Clinical trials are research studies in which patients volunteer to take part in tests of new drugs, devices, or procedures. Doctors use findings from clinical trials to learn if promising approaches to cancer prevention, diagnosis, and treatment are effective. They are in the final stages of a long and careful research process, aimed to improve health and cancer care.
New drugs and devices must go through many different stages before becoming available to patients for clinical trials. Drug and device testing begins with extensive laboratory and animal research, which can involve many years of experiments and studies. If the laboratory and animal research is successful, the drug or device is then sent to the Food and Drug Administration (FDA) for approval for research and testing in humans. If the FDA determines the drug or device is safe, it is then offered to patients for clinical trial testing. Some clinical trials involve already approved drugs or devices used in a different way. Patient safety and side effects are monitored throughout the clinical trials.
Access to clinical trials has traditionally been limited to high-caliber academic research hospitals. However, patients in the Baptist system have gained access to these trials through the Baptist Cancer Center’s (BCC) membership in an exclusive national NCI-supported network that brings clinical trials to people in their communities. The BCC offers Mid-South residents the opportunity to participate in innovative research and treatment from close to home through its continually expanding network of community hospitals across the region.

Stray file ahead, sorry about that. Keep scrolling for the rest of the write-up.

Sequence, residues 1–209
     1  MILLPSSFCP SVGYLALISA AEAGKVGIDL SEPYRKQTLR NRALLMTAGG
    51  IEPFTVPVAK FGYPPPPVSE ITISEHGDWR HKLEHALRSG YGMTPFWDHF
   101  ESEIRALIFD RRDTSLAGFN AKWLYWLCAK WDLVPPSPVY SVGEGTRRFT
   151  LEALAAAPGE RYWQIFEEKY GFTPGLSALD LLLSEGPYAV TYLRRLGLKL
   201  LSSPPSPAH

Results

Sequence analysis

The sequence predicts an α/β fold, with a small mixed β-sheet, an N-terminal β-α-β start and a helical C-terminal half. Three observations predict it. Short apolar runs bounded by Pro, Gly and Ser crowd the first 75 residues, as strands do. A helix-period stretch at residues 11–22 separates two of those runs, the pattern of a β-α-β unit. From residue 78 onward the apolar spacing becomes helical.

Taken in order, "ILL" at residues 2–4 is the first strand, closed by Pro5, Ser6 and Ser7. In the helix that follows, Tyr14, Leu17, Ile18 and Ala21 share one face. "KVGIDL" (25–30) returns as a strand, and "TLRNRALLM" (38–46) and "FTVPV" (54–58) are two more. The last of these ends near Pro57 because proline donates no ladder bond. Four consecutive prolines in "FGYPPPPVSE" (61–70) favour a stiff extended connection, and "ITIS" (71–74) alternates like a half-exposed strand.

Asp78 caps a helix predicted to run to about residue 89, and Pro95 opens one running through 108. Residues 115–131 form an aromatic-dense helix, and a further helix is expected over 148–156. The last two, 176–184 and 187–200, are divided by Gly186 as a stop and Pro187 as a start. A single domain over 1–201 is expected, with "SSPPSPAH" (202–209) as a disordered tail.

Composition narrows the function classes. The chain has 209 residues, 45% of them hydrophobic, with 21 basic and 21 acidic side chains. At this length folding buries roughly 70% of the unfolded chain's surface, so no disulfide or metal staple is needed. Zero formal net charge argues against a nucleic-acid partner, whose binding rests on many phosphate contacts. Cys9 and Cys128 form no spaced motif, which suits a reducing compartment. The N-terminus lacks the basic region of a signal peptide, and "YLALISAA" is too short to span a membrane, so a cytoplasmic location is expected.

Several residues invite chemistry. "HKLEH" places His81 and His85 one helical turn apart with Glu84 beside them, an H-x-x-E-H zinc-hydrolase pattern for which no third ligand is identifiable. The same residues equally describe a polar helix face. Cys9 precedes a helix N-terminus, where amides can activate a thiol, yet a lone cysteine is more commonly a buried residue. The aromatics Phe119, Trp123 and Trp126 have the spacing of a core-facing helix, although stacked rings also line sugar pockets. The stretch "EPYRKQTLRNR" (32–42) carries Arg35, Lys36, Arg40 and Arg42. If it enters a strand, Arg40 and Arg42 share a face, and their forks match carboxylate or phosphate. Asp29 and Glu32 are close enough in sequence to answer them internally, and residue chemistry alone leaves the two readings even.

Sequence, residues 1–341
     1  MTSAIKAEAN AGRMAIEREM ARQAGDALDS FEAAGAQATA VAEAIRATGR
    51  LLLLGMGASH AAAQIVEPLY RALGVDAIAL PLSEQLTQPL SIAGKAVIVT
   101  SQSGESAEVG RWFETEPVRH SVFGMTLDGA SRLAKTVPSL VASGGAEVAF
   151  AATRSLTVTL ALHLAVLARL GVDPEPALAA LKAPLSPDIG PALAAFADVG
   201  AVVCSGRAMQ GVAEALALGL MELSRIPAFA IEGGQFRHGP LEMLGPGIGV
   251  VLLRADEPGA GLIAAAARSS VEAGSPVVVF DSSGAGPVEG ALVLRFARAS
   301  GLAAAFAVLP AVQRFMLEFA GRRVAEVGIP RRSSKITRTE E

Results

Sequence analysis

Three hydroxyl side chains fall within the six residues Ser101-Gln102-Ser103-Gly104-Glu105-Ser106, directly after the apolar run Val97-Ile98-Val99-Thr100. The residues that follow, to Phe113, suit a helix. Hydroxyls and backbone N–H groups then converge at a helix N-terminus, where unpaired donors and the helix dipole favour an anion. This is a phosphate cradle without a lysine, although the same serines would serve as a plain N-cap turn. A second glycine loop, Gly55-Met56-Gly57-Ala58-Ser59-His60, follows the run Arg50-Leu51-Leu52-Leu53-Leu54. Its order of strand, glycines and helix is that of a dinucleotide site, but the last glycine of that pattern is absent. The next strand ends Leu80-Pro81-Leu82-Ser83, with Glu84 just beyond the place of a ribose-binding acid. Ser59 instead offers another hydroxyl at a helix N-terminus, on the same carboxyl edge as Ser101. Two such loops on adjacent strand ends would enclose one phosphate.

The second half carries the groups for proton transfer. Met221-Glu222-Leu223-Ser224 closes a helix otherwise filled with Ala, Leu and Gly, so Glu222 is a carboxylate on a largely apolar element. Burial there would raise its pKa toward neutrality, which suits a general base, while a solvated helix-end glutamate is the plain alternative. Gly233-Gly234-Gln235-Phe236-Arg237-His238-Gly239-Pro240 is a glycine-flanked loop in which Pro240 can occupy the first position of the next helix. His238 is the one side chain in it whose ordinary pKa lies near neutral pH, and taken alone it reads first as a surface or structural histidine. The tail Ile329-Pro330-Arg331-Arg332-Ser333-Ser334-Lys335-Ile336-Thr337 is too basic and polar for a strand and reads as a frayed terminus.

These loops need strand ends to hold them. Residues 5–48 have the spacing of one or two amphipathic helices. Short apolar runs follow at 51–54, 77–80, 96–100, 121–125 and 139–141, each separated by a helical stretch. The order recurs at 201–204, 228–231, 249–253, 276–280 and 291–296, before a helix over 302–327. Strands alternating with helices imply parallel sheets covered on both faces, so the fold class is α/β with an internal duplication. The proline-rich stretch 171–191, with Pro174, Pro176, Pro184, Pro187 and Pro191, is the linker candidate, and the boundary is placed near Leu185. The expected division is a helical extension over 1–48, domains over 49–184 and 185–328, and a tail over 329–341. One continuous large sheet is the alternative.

Types of clinical trials
- Treatment trials test new treatments, such as new cancer drugs, new approaches to surgery or radiation therapy, new combinations of treatments, or new methods, such as gene therapy.
- Prevention trials look for the best way to prevent cancer in people who have never had cancer, new occurrences in patients who have already had cancer, and cancer recurrence. These trials test new approaches, such as medicines, vitamins, minerals, or other supplements that doctors believe may lower the risk of a cancer.
- Screening trials test the best methods to identify cancer, particularly in its early stages.
- Quality of Life & Supportive Care explore ways to improve comfort and quality of life for cancer patients, or look understand troubles (psychological, financial, physiological) that cancer patients may face.
To learn more about clinical trials, access these online resources.
- American Cancer Society
- National Cancer Institute Community Oncology Research Program (NCORP)
- Office for Human Research Protections (OHRP)
For more information about our clinical trials, read through our Clinical Trial FAQ.